Gibson v. United States, No. 12626.

Docket NºNo. 12626.
Citation388 A.2d 1214
Case DateJune 30, 1978
CourtCourt of Appeals of Columbia District
388 A.2d 1214
David W. GIBSON, Appellant,
v.
UNITED STATES, Appellee.
No. 12626.
District of Columbia Court of Appeals.
Argued April 27, 1978.
Decided June 30, 1978.

Frederick G. McKenna, law student counsel (LS # 1811) for appellant, with whom Michael E. Geltner, Washington, D. C., supervising attorney appointed by this court, was on the brief, for appellant. Christopher McMurray, law student counsel (LS # 1794) also entered an appearance for appellant.

Charles L. Hall, Asst. U. S. Atty., Washington, D. C., with whom Earl J. Silbert, U. S. Atty., John A. Terry, Peter E. George and John W. Polk, Asst. U. S. Attys., Washington, D. C., were on the brief, for appellee.

Before NEWMAN, Chief Judge, and KERN and YEAGLEY, Associate Judges.

PER CURIAM:


Appellant entered a plea of guilty to a one count indictment charging him with carrying a pistol without a license.1 Subsequent to sentencing, appellant filed pro se, pursuant to D.C. Code 1973, § 23-110,2 a motion to vacate his guilty plea and sentence, salleging that he had been deprived of effective assistance of counsel in derogation of the Sixth Amendment. Specifically, appellant's motion alleged that his court-appointed counsel "failed to pursue or advise [him] of his right to pursue proper remedies for asserting his Fourth Amendment rights in connection with his unlawful arrest [and subsequent search which resulted in the seizure of the pistol]" (emphasis added). This appeal is from the trial court's dismissal of

Page 1215

the motion without a hearing. In its order denying the motion, the trial court ruled: [that the defendant's plea of guilty was voluntary and that] the proceedings, files and records in this matter conclusively show that the defendant is not entitled to the requested relief.

D.C. Code 1973, § 23-110, which is substantially identical to 28 U.S.C. § 2255,3 requires that a hearing be held on a motion to vacate a sentence

[u]nless the motion and files and records of the case conclusively show that the prisoner is entitled to no relief . .

The narrow issue before us in the instant case is whether the trial court erred when it denied appellant's motion made under § 23-110 without first granting a hearing. In rejecting the motion, the trial court necessarily concluded that appellant failed to allege circumstances under which a hearing was required by the statute. This conclusion was error:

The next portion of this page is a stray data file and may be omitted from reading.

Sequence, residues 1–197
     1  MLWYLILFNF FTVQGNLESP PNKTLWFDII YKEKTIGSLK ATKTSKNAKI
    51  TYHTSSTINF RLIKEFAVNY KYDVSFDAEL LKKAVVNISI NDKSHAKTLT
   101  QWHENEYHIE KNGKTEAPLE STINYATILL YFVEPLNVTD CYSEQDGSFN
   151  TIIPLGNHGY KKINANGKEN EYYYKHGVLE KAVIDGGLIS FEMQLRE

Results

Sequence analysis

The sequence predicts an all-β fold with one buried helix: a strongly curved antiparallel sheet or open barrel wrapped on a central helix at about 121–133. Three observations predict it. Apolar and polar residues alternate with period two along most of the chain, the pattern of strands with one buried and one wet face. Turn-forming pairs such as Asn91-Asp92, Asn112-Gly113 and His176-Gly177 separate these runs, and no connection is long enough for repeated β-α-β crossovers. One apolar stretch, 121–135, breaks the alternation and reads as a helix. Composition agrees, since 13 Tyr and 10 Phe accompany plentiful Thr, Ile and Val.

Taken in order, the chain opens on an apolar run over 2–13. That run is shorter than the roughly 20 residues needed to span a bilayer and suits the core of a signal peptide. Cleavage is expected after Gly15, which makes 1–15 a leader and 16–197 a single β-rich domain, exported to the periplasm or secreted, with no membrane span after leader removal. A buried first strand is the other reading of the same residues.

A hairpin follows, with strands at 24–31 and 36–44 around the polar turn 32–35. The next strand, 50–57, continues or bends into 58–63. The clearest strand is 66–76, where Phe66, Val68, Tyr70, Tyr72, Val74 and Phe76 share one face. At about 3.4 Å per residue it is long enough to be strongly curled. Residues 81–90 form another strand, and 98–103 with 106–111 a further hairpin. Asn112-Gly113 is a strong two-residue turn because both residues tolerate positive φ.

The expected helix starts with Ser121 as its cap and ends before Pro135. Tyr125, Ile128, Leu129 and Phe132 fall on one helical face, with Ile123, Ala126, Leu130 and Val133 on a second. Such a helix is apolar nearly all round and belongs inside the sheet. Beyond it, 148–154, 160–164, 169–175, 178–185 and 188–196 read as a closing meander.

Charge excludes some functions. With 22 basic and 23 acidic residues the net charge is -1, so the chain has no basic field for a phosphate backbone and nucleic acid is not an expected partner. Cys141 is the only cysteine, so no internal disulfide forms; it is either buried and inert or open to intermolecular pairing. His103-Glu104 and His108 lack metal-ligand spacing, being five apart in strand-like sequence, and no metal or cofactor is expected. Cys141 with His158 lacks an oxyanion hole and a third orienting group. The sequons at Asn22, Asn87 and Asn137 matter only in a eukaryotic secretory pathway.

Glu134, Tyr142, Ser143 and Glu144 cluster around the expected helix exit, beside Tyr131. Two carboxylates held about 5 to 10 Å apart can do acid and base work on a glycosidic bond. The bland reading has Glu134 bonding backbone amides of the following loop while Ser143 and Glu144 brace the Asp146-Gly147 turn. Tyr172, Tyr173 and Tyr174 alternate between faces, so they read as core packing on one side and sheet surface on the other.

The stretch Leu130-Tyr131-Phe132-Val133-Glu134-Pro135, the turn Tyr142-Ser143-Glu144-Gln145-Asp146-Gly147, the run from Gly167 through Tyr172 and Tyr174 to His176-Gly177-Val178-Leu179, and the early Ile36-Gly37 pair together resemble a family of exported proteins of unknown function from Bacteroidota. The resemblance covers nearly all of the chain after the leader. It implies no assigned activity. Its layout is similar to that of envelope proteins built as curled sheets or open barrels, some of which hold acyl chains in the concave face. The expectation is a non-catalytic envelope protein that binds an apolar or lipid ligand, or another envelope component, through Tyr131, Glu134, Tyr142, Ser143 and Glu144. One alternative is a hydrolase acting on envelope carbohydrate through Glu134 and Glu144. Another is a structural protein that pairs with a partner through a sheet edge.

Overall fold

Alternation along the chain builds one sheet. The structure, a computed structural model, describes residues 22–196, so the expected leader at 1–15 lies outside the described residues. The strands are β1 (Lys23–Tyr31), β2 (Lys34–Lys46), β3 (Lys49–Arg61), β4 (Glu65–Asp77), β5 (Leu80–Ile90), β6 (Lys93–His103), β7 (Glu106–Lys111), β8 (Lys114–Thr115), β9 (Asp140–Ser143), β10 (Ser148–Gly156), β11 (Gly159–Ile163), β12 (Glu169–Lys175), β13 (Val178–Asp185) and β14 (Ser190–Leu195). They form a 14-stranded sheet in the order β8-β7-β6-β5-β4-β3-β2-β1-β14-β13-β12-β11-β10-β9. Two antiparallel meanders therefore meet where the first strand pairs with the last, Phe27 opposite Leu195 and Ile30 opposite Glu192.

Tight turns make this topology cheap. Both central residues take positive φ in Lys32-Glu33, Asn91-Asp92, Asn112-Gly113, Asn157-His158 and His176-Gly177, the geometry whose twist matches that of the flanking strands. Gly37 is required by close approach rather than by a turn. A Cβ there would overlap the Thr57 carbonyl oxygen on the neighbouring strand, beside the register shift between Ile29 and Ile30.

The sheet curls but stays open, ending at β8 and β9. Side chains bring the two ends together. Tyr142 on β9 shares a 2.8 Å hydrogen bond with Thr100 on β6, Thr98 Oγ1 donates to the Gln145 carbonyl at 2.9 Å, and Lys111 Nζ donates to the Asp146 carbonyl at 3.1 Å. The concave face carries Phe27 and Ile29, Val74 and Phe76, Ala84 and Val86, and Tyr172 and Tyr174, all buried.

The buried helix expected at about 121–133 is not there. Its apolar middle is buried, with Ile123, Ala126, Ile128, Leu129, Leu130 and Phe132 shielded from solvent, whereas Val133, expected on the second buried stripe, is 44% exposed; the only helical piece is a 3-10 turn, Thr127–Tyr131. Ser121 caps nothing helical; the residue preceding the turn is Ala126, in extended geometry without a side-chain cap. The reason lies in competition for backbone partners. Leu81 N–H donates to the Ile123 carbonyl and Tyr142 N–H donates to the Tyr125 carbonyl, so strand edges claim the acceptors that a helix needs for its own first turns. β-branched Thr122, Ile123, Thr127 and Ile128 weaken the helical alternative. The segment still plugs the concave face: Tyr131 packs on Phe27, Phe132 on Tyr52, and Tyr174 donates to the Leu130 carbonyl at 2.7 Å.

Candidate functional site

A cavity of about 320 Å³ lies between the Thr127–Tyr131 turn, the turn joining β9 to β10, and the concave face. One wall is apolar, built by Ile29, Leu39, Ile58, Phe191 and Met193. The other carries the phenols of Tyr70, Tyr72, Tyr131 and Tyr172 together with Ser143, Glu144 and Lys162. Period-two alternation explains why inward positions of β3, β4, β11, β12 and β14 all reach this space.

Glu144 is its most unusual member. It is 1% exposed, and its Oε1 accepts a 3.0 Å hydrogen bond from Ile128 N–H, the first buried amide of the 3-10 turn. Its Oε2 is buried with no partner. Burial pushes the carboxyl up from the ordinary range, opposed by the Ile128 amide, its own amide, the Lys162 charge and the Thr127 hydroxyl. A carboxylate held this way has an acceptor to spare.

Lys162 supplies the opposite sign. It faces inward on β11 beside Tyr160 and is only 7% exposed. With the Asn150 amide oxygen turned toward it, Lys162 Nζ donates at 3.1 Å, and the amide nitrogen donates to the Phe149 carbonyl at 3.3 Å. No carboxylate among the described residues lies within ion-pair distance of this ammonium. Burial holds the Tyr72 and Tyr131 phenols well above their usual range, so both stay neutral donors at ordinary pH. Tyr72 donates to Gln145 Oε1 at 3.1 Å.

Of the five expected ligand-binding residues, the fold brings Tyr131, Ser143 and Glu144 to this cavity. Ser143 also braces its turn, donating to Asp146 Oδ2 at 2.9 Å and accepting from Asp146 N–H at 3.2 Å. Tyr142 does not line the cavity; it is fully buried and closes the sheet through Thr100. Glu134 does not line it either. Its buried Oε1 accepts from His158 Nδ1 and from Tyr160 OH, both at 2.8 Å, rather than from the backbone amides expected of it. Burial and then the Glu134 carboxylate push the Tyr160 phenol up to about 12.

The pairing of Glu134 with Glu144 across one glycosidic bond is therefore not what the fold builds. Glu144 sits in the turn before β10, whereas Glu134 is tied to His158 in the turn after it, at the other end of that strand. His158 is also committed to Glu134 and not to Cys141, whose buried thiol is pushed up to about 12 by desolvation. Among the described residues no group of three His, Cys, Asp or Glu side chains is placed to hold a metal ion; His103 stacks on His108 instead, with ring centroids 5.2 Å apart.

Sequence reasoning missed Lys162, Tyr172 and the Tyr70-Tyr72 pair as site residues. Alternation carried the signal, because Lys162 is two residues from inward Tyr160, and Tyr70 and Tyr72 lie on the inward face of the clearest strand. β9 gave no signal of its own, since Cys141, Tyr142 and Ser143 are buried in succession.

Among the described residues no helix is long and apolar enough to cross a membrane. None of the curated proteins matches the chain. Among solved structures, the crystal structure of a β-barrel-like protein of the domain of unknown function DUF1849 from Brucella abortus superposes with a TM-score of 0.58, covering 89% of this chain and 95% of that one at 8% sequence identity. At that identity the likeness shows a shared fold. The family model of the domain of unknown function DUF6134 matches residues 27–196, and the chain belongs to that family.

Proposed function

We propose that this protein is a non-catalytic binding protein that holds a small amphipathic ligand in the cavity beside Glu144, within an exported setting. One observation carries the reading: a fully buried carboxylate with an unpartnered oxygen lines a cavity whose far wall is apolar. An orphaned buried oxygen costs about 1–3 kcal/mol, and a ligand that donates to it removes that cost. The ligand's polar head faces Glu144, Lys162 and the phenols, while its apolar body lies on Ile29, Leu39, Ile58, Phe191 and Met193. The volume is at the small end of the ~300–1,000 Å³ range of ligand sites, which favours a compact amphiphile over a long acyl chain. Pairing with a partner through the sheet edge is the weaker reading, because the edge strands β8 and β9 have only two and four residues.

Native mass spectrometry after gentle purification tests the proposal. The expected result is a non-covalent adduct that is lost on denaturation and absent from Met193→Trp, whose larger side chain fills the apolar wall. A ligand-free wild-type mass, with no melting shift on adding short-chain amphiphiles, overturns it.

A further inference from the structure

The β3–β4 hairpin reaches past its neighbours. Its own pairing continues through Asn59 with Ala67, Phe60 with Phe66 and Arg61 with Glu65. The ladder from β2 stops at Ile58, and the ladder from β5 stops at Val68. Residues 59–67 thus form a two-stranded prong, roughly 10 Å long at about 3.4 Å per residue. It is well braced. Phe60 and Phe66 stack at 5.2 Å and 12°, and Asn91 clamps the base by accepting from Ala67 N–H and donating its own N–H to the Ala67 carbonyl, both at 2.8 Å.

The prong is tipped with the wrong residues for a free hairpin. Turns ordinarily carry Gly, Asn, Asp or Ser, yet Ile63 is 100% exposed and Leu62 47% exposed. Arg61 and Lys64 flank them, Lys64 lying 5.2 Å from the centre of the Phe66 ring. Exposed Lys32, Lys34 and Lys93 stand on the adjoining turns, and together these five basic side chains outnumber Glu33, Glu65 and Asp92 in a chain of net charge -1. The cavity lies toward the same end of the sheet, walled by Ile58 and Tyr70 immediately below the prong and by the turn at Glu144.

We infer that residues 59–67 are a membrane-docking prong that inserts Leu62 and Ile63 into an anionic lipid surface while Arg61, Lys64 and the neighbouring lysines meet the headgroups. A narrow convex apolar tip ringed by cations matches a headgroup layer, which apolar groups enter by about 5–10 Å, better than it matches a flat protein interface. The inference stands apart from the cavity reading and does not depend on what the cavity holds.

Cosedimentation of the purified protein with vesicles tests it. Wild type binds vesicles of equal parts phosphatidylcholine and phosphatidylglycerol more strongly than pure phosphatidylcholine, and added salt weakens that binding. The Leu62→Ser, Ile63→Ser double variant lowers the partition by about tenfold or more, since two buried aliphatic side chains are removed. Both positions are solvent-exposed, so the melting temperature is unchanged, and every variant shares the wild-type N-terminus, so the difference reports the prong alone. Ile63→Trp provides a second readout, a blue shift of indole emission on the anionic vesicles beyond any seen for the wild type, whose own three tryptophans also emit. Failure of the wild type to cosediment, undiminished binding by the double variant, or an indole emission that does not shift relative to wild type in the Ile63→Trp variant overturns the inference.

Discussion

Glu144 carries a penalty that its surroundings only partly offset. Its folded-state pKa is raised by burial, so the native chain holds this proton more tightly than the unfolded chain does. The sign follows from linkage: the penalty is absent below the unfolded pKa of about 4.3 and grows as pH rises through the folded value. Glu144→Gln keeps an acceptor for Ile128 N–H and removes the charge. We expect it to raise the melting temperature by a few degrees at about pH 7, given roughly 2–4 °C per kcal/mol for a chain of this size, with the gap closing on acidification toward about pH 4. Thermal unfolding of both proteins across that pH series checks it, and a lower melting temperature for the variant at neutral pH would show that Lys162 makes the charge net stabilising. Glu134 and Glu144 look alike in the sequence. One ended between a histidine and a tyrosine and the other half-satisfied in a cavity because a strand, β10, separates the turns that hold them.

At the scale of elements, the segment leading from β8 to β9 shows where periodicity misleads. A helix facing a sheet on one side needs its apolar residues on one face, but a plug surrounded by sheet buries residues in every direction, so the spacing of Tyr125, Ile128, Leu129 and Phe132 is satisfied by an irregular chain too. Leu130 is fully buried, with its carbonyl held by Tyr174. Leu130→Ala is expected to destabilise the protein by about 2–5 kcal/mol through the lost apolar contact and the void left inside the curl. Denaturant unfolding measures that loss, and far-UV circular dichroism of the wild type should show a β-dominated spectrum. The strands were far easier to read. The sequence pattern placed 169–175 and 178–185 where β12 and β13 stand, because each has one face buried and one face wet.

The Supreme Court has indicated that federal courts, in administering the writ of habeas corpus and its 28 U.S.C. § 2255 counterpart, are to permit post-conviction collateral attacks upon a plea of guilty.4 Moreover, an evidentiary hearing is required on allegations which, if proven, would entitle the prisoner to relief, particularly in a case involving circumstances not adequately reflected in the record. Blackledge v. Allison, 431 U.S. 63, 71, 97 S.Ct. 1621, 1628, 52 L.Ed.2d 136 (1977); Fontaine v. United States, 411 U.S. 213, 214-15, 93 S.Ct. 1461, 36 L.Ed.2d 169 (1973); Machibroda v. United States, 368 U.S. 487, 494-95, 82 S.Ct. 510, 7 L.Ed.2d 473 (1962).

The Supreme Court, in reviewing a 28 U.S.C § 2255 motion which requires an evidentiary hearing unless the allegations conclusively show the petitioner is entitled to no relief, has noted that summary dismissal is appropriate only where the "contentions that in the face of the record are wholly incredible." Blackledge v. Allison, supra 97 S.Ct. at 1629-30; Machibroda v. United States, supra at 495-96, 82 S.Ct. 510, or where the allegations themselves were so vague or conclusory "as to warrant dismissal for that reason alone." Blackledge v. Allison, supra 97 S.Ct. at 1630; Machibroda v. United States, supra at 495, 82 S.Ct. 510. These decisions of the Supreme Court establish standards which, in our view, are applicable to D.C. Code 1973, § 23-110, the local counterpart of 28 U.S.C. § 2255 (1970), and are completely compatible with the decisions of this court concerning the D.C. statute. Both lines of precedent constitute

Page 1216

judicial recognition of one salient fact; viz., that the statute requires an evidentiary hearing unless the allegations of the motion itself are vague and conclusory, are wholly incredible, or, even if true, would merit no relief.

Where the § 23-110 motion not only satisfies this standard (i.e., the allegations, if true,5 merit relief and are not vague, conclusory, or wholly incredible), but also alleges ineffective assistance of counsel, the necessity for a hearing is increased.6 This is so because the nature of the appellant's complaint; viz., ineffective assistance of counsel which resulted in his plea of guilty, may necessarily involve matters outside the record.7 In Johnson v. United States, D.C. App., 385 A.2d 742 (1978), this court observed in the context of a Section 23-110 motion, that